Discovery of eCG
Timeline of eCG
eCG is discovered by Harold Cole and George Hart when they realize that injecting serum from pregnant mares into immature rats induced their sexual maturity. The bioactive component in serum mediating these effects is termed pregnant mare serum gonadotropin, or PMSG.
Harold Cole and R. F. Miller show that PMSG can induce ovulation and oestrum in ewes during the anoestrous period, i.e. outside the breeding season, showing its potential for use in farming.
An international standard for PMSG is established. Shortly afterwards the sale of pharmaceutical preparations of PMSG commences. It is originally marketed for women but is later discontinued for that purpose. It however continues to be sold for animals, initially mainly for research, but increasingly for practical uses as evidence of efficacy from research accumulates.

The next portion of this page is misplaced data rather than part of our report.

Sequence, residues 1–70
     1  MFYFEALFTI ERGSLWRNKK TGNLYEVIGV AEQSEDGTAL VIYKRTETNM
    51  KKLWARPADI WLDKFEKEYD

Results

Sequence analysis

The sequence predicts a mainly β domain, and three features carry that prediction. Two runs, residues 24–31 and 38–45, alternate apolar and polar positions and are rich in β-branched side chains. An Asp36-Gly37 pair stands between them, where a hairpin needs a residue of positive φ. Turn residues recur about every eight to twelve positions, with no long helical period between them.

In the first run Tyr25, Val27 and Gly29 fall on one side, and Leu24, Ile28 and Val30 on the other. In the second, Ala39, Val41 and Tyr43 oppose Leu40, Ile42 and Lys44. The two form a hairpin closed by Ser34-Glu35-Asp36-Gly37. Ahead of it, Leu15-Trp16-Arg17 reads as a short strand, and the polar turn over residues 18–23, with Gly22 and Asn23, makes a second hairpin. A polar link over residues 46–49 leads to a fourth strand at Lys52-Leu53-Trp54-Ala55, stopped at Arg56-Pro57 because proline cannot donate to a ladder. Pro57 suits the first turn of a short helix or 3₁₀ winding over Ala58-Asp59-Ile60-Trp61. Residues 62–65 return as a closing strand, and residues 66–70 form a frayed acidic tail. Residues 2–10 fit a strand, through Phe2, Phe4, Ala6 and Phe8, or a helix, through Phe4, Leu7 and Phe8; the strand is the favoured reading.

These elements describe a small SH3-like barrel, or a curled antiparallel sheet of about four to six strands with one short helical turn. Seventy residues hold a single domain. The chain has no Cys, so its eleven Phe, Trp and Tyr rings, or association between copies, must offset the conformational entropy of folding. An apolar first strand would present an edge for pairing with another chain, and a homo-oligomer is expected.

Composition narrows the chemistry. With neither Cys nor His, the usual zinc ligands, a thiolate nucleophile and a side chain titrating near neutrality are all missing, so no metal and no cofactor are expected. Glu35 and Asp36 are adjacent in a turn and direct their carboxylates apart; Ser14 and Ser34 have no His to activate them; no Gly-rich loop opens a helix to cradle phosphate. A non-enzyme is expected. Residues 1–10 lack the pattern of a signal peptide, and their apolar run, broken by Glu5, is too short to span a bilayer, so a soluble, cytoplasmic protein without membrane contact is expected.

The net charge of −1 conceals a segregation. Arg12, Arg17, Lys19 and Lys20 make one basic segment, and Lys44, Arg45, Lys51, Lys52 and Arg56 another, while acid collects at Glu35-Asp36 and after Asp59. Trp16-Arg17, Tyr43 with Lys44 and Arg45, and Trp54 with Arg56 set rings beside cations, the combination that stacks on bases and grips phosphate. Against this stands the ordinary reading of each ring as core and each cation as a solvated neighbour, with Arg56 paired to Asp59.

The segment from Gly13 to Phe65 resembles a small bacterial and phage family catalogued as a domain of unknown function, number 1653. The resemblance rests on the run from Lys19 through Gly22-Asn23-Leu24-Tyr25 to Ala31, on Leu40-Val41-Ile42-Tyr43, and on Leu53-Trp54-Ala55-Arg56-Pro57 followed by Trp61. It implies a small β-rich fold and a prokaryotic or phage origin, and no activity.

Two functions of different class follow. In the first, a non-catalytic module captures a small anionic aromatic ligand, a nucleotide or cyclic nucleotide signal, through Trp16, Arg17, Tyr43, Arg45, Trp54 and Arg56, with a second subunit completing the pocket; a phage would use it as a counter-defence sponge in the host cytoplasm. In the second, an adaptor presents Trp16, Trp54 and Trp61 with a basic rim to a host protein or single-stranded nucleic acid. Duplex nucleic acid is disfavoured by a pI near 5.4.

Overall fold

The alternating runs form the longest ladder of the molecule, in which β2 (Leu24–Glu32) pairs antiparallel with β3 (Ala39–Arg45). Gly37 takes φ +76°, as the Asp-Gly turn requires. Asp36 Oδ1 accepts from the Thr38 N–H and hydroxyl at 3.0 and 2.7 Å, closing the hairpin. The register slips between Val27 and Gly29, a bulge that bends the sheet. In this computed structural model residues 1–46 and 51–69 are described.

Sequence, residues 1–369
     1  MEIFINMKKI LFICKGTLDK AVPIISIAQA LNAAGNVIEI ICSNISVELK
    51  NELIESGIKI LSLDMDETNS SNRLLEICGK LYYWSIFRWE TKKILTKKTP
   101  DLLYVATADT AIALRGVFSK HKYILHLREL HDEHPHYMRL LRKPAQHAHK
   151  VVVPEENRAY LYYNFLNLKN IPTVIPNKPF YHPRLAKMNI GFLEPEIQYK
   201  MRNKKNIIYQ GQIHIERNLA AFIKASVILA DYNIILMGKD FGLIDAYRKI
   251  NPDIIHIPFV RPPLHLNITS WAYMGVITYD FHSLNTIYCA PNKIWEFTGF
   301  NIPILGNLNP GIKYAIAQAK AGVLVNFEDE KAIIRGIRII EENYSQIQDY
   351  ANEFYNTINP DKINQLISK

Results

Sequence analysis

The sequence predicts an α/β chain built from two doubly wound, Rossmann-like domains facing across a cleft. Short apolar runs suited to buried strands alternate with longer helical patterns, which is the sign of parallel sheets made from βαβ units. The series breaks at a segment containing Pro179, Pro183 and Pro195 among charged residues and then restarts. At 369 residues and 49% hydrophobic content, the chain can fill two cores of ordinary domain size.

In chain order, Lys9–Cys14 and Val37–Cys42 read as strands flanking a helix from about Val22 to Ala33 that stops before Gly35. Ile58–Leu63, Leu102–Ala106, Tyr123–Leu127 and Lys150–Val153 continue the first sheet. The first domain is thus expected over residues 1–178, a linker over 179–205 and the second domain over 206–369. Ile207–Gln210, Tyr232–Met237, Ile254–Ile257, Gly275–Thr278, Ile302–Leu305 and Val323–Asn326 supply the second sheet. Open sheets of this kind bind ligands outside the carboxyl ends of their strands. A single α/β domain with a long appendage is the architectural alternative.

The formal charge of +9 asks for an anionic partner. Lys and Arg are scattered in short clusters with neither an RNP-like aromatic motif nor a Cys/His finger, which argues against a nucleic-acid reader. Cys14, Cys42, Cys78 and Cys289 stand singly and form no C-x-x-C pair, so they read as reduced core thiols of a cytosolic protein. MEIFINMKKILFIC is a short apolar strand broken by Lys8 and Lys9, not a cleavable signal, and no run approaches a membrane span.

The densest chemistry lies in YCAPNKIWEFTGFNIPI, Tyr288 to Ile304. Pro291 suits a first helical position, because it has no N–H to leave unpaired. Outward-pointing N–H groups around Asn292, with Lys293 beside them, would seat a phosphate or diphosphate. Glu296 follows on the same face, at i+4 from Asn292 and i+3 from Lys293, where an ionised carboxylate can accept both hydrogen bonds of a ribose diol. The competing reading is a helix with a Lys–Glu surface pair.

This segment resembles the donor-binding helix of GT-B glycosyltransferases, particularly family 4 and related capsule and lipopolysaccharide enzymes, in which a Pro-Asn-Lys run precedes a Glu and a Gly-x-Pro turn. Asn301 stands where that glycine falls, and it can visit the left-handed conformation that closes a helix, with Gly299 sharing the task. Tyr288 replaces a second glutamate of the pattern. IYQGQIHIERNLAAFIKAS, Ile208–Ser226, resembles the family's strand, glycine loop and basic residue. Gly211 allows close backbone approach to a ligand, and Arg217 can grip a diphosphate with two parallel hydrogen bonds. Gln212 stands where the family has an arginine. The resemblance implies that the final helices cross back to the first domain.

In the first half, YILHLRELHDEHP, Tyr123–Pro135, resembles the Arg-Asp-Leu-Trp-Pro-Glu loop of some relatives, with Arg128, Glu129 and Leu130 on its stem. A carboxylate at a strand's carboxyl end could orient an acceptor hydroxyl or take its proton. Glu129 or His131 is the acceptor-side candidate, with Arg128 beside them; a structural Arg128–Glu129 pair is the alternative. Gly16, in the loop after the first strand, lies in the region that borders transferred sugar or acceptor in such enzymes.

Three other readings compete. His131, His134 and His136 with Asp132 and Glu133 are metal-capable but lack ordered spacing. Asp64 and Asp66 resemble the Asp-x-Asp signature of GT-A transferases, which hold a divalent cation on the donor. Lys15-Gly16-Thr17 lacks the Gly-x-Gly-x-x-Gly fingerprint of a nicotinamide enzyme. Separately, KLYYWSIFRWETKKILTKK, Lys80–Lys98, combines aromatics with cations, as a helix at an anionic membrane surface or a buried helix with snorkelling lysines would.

Cole and Harold Goss find out that PMSG is produced and secreted by the endometrial cups, ulcer-like protuberances surrounding the foetus at the surface of the endometrium early in pregnancy. Their origins are unclear but are thought to be maternal.
Robert Moor and W.R. Allen realize that the endometrial cups are in fact of embryonic origin as the chorionic girdle is their progenitor. The chorionic girdle is a thick band of trophoblast which surrounds the conceptus between days 25 and 35 in pregnancy. This leads to PMSG being renamed with its current nomenclature, to equine chorionic gonadotropin, or eCG.
Production of eCG in Iceland starts.
eCG is an important component in veterinary drugs, used worldwide for induction and synchronization of ovulation in animals, both farmed and wild.